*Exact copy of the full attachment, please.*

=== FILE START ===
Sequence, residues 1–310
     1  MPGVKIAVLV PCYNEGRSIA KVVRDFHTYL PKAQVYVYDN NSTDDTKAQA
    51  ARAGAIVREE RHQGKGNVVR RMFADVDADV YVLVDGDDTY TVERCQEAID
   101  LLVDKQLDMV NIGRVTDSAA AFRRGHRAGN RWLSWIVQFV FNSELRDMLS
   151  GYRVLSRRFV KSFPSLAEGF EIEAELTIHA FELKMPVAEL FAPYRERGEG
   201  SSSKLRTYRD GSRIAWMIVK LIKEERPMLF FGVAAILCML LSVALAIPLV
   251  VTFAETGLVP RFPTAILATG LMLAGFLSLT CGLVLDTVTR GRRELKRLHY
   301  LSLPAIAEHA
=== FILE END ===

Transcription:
Sequence, residues 1–310
     1  MPGVKIAVLV PCYNEGRSIA KVVRDFHTYL PKAQVYVYDN NSTDDTKAQA
    51  ARAGAIVREE RHQGKGNVVR RMFADVDADV YVLVDGDDTY TVERCQEAID
   101  LLVDKQLDMV NIGRVTDSAA AFRRGHRAGN RWLSWIVQFV FNSELRDMLS
   151  GYRVLSRRFV KSFPSLAEGF EIEAELTIHA FELKMPVAEL FAPYRERGEG
   201  SSSKLRTYRD GSRIAWMIVK LIKEERPMLF FGVAAILCML LSVALAIPLV
   251  VTFAETGLVP RFPTAILATG LMLAGFLSLT CGLVLDTVTR GRRELKRLHY
   301  LSLPAIAEHA